Live Wire: Reality bites

By Joe Henley  /  Contributing Reporter

Fri, Mar 21, 2014 - Page 11

Being in an underground band loses its supposed cool factor exponentially once you get past the ripe old age of 25. If you’re 18 and have a group of some repute, you’re king of the universe, even if it is something of a paracosm. A few years go by, however, and the thinly-veiled commentary begins. “Oh, you’re still doing that music thing? Well ... good for you.” Then, if you still happen to be doing the independent “music thing” when you hit 30, the commentary stops because most of what your friends and family say about you will be behind your back.

This is especially true of bands in Taiwan, a land where intense familial pressure leads many a musician to drop out of the scene in favor of focusing on developing a career for the very Brontian purpose of making one suitable for things like marriage and raising children. That’s why a lot of young struggling musicians here seem to take one of two roads. Either they tell their parents music is just a hobby, or they don’t tell them they’re involved in music at all.

Ben Shiao (蕭秉泰), guitarist and singer of Taipei-based ska band Mary Bites Kerry (瑪莉咬凱利), chose the latter route for many years. It wasn’t until his marriage ceremony just a few weeks ago that he informed his parents that he had a band, which he’s been performing with since joining the rotating cast of players about five years ago. The reason he finally chose to tell them? He had no choice, as they were about to find out whether he wanted them to or not. Mary Bites Kerry was playing his wedding banquet.

Little did his parental units know (and still don’t, presumably, unless they’re reading this now) that Shiao was also a veteran performer in the Taipei punk scene, playing guitar in Duct Tape for five years before joining Mary Bites Kerry. Now 34, his intro to punk didn’t come until he moved to Washington state for his final two years of high school and four more of university. There he was introduced to bands like Operation Ivy, Screeching Weasel and Less Than Jake. He returned to Taiwan in 2001 and found out, much to his surprise, that the nation had its own nascent punk scene after seeing some homegrown angry upstarts at Formoz Festival (野台開唱) in 2005. Then he had a serendipitous meeting with members of now defunct local punk act Semi-con at a NOFX gig in Hong Kong. Inspired by the unexpected discovery of people of a similar musical mindset in his hometown, he started Duct Tape at a time when the local punk and ska scene was thriving. But it wasn’t long before it dissolved down to the handful of bands playing today. The scene simply moved on.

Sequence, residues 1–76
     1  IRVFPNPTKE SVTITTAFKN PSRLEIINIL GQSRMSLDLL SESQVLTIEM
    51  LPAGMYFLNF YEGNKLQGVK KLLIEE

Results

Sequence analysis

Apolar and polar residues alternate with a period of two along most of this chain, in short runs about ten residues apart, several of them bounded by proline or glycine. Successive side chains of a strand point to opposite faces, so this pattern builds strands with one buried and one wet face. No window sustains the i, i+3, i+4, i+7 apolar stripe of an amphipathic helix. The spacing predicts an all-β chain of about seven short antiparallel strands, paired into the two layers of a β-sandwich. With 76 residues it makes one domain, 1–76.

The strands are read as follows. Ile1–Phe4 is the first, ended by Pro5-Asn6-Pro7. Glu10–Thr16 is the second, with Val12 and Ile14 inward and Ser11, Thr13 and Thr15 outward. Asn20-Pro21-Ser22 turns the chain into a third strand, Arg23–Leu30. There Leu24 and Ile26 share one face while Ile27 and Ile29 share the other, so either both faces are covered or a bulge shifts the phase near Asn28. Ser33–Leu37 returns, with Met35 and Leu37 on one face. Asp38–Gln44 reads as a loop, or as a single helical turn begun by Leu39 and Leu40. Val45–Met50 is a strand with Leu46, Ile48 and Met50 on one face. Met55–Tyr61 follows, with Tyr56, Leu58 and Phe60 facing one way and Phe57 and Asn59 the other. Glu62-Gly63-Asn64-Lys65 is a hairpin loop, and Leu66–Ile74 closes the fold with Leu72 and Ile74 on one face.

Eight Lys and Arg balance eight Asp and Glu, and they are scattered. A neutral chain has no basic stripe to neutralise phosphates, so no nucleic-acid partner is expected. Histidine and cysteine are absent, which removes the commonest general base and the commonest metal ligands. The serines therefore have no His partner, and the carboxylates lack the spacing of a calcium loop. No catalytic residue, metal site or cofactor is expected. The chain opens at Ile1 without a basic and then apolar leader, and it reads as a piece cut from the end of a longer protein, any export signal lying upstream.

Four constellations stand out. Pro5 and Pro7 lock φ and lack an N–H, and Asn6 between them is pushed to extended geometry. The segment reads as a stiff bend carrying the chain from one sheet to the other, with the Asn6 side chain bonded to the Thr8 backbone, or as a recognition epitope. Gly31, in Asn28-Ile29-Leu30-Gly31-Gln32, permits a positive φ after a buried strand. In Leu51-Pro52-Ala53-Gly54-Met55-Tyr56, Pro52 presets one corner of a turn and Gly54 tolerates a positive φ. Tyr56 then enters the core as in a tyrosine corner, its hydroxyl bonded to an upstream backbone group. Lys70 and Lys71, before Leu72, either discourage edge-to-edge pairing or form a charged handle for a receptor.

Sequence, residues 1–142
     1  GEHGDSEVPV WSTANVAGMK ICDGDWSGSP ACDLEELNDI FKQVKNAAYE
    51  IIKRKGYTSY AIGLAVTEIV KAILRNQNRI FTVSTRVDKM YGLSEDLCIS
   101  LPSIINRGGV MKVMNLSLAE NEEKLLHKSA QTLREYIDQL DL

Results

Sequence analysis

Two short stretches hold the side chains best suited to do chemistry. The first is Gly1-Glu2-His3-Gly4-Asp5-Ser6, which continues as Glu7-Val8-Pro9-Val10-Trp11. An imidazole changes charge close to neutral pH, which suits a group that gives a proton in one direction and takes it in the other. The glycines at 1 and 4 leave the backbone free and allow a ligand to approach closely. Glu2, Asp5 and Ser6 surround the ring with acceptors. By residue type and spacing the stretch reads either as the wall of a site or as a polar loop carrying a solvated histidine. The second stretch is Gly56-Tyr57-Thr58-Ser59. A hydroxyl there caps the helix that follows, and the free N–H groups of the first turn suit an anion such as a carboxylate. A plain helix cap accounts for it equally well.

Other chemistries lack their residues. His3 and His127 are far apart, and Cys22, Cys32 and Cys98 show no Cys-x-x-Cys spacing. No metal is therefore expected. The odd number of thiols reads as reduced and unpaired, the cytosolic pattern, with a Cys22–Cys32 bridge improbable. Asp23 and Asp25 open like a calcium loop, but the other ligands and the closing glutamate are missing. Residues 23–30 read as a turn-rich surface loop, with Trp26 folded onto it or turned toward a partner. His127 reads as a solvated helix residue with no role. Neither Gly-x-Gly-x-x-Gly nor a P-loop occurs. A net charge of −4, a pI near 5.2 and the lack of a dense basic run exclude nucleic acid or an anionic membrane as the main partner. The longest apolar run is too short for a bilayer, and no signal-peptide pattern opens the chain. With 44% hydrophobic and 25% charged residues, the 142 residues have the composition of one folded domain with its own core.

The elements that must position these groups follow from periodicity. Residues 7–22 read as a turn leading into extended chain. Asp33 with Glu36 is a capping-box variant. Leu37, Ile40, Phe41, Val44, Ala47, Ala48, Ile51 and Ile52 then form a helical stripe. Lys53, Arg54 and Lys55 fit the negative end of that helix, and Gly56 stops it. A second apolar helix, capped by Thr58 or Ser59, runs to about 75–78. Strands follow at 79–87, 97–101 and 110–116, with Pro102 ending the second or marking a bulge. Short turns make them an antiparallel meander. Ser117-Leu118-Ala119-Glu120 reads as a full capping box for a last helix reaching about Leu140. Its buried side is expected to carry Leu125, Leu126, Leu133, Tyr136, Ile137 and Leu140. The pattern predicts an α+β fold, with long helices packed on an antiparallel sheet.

Now people are into different kinds of music,” says Shiao. “Punk is kind of played out in Taiwan, I think.”

Rather than moving on, though, as did Duct Tape, Mary Bites Kerry has pushed forward. Despite losing several members for varying periods of time to overseas study and working holiday programs abroad, founding co-singer and guitarist Liang-Liang (亮亮, real name: Wang Liang-chun, 王亮鈞) has managed to keep the group gigging regularly around Taiwan. Now the band is poised to record its debut album. Ten original songs inspired by everything from the usual love and relationships to the, shall we say, unique working culture of Taiwan, are at the ready. It only remains for the band’s original drummer to return from Australia for recording to begin.

Since the disbandment of Shy Kick Apple (害羞踢蘋果), Mary Bites Kerry has stood with Skaraoke as the ambassadors for the small Taiwan ska scene, a sub-sect of punk and a cousin twice removed from the funk scene thanks to the horn presence. Shiao is looking forward to watching ska grow here, helping it along by doing what he does best.

“Just play more shows to get people to know ska music,” Shiao says of his plan to build local knowledge of the music he loves. “Maybe some young kids will see it and decide to play. It’s still new.”

■ Mary Bites Kerry plays along with B.B. Bomb tomorrow night at Bobwundaye, 77 Heping E Rd, Sect 3, Taipei City (台北市和平東路三段77號). Tickets are NT$200 at the door (NT$50 off the first drink), and the show gets underway at 10pm. Doors open at nine.

Tomorrow night will also see the eighth installment of the Raw Noise Attack concert series, featuring a fistful of bands from the local metal, punk and crust scenes. (Full disclosure: Your humble scribe, himself a 30-something band wretch, is in two of the bands on the bill).

Headlining this edition will be Tokyo death metal/doom act Anatomia. Since releasing their debut full-length, Dissected Humanity, in 2005, the band has toured around Asia and to Europe, and put out a steady stream of demos, splits, compilations and EPs, along with a second full album, Decaying In Obscurity, that came out in 2012. While other death metal bands blast through songs at 200 beats per minute, Anatomia takes the opposite approach, slowing things down to the speed of sludge sluicing uphill. The result is a new definition of heavy that trims away the excess and leaves behind nothing but monolithic, reverberating power.

■ Anatomia headlines Raw Noise Attack VIII (第八屆猛烈爆音攻擊極端音樂會) tomorrow night at Revolver, 1-2, Section 1, Roosevelt Road, Taipei City (台北市羅斯福路一段1-2號). Advanced tickets are available for NT$550 at Liberated Rhythms (解放之聲), 606-6 Guangfu South Road, Taipei City (台北市光復南路606號之6). Tickets at the door are NT$700. The first of six bands hits the stage at 6:30pm and Anatomia will go on around 9:40pm. Doors open at 6pm.